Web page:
But the glorious isolation in which the rural communities seem to dwell is an illusory facade. A closer look at the way their camps are arranged reveals the true picture of modern life on the land they’ve tended for generations. Soldiers stand guard in pairs at strategic spots on the hillside, enforcing the no-entry zones surrounding the rash of settlements spread across the region, the mini-towns growing bigger by the month, swallowing up more and more of the Palestinians’ land in the zero-sum game eternally stacked in the settlers’ favour. [continued…]
The debate over Israeli settlements in the occupied Palestinian territories is often framed in terms of whether they should be “frozen” or allowed to grow “naturally.” But that is akin to asking whether a thief should be allowed merely to keep his ill-gotten gains or steal some more. It misses the most fundamental point: Under international law, all settlements on occupied territory are unlawful. And there is only one remedy: Israel should dismantle them, relocate the settlers within its recognized 1967 borders and compensate Palestinians for the losses the settlements have caused.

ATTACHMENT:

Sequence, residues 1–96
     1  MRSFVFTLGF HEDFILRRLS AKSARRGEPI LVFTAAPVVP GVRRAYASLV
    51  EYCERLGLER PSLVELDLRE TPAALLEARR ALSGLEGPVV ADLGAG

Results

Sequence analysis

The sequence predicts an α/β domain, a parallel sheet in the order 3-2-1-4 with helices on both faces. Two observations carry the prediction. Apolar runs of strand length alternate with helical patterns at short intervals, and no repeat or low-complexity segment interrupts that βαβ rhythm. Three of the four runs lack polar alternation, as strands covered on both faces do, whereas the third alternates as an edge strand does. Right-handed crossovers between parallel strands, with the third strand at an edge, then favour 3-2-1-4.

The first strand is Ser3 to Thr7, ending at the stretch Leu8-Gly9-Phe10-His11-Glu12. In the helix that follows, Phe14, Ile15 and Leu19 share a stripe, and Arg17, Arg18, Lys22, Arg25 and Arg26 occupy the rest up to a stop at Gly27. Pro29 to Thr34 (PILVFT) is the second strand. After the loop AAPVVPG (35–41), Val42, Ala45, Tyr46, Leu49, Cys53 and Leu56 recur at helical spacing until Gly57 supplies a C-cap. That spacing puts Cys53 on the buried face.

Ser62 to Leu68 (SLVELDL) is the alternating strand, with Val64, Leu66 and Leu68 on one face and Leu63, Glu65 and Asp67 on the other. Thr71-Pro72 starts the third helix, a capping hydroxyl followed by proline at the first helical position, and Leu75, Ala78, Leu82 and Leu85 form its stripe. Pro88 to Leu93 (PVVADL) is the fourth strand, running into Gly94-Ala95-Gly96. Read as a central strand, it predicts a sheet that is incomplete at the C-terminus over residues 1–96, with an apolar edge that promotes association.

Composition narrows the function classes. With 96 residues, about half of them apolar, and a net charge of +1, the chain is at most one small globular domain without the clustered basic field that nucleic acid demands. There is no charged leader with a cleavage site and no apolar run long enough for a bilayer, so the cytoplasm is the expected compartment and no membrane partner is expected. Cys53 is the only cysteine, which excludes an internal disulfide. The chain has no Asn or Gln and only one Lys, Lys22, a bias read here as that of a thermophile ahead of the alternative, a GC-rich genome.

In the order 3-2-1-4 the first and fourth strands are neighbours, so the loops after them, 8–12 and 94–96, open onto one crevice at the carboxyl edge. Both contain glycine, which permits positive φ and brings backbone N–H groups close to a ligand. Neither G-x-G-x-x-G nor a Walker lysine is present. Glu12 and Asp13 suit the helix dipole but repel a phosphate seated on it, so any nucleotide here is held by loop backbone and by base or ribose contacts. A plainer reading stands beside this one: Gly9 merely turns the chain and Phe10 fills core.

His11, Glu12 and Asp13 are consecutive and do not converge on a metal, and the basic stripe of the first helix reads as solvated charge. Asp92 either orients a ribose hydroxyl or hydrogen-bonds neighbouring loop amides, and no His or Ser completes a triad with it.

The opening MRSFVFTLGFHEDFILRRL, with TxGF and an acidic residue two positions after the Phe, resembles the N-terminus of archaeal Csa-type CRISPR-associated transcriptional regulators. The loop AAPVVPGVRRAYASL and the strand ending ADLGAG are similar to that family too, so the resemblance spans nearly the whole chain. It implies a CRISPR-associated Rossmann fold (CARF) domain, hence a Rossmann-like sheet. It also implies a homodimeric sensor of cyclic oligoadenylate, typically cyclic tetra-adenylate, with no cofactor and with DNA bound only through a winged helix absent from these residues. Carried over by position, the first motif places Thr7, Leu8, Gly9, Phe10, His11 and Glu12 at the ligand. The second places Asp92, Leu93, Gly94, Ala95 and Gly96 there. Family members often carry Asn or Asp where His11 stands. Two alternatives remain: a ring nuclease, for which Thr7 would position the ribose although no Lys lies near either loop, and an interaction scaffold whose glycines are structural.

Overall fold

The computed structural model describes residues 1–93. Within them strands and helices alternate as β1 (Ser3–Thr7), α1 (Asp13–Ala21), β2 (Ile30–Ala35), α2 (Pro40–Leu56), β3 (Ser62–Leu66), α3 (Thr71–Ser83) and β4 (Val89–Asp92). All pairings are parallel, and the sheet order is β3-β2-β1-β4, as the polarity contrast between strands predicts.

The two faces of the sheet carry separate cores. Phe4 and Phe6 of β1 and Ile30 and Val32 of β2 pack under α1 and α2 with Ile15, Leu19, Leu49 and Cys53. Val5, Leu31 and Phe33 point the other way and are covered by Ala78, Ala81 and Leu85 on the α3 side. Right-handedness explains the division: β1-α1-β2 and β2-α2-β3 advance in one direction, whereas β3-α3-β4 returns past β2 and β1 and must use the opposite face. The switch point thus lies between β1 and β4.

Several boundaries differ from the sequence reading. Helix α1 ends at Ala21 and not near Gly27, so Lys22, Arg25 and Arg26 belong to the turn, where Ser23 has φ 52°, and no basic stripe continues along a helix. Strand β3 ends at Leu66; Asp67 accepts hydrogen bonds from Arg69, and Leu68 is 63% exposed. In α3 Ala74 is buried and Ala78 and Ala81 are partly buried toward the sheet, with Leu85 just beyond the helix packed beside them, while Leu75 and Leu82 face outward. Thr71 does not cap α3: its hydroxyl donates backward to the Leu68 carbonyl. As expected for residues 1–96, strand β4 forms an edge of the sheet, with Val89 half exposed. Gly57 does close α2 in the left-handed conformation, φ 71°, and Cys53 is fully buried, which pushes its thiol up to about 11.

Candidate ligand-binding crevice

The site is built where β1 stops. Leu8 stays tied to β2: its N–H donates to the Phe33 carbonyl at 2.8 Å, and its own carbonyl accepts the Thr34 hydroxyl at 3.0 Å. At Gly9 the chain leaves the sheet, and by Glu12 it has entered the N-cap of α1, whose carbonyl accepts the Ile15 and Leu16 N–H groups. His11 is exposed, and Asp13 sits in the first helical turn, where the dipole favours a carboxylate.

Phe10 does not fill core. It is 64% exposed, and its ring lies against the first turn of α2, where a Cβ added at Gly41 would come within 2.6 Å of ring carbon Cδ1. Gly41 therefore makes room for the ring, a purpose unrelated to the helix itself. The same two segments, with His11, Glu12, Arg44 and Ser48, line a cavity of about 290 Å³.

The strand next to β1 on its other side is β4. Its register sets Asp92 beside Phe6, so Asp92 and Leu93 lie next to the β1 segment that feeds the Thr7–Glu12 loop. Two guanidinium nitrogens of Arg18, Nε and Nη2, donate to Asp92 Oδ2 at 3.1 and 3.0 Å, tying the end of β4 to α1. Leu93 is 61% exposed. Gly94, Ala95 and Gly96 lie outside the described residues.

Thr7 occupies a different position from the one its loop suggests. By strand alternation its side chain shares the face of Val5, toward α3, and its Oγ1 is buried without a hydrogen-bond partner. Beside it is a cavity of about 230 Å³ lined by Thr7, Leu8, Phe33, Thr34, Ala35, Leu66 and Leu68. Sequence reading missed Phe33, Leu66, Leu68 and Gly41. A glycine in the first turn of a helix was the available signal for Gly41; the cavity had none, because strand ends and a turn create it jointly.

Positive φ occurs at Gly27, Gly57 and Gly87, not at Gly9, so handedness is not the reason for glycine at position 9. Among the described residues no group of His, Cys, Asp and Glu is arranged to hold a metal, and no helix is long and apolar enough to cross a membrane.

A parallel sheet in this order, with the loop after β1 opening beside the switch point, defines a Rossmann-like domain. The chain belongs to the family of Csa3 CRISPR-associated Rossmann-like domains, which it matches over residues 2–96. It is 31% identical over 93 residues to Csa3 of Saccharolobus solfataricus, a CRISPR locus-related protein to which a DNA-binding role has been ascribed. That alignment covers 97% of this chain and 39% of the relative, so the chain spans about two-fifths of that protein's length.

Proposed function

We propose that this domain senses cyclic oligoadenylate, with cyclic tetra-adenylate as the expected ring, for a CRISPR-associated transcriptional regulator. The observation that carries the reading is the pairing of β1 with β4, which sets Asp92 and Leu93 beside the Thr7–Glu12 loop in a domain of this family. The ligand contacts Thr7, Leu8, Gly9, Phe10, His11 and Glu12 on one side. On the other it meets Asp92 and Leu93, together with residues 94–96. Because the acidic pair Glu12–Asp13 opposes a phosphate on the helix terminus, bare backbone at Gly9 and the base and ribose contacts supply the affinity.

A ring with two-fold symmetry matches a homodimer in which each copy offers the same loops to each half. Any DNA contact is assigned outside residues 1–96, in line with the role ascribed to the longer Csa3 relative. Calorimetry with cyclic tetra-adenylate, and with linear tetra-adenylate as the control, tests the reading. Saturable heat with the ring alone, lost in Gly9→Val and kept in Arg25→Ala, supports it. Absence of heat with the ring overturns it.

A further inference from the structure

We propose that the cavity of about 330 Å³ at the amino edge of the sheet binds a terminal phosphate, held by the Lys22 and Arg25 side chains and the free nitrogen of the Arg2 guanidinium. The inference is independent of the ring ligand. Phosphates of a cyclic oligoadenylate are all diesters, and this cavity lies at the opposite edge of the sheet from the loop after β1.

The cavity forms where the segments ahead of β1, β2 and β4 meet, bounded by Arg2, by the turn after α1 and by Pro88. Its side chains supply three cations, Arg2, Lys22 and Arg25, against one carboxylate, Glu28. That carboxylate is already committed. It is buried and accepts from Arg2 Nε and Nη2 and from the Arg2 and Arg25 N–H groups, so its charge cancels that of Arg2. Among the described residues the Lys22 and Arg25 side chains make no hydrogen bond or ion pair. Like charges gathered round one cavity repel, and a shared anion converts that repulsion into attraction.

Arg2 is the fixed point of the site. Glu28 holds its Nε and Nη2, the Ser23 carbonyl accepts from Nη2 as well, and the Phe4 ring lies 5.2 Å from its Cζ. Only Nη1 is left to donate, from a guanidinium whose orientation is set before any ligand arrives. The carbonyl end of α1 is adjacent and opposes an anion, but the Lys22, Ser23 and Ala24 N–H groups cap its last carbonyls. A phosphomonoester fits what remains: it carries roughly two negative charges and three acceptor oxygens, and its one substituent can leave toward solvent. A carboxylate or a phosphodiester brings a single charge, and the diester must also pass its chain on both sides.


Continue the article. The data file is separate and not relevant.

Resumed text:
Removing the settlements is mandated by the laws of the Geneva Convention, which state that military occupations are to be a temporary state of affairs and prohibit occupying powers from moving their populations into conquered territory. The intent is to foreclose an occupying power from later citing its population as “facts on the ground” to claim the territory, something Israel has done in East Jerusalem and appears to want to do with much of the West Bank. [continued…]
Israel said Monday it authorized the construction of 50 new residential units in a West Bank settlement, defying rising pressure from the U.S. and the international community for a building freeze in territory claimed by the Palestinians as part of a future state.
The expansion of Adam, a settlement near Jerusalem surrounded by three Palestinian villages, is part of a defense ministry plan to relocate 300 residents of the unauthorized hilltop outpost of Migron. [continued…]
Four decades ago, when police and national guardsmen attacked protestors at the Democratic National Convention in Chicago, the protesters shouted, “The whole world is watching.”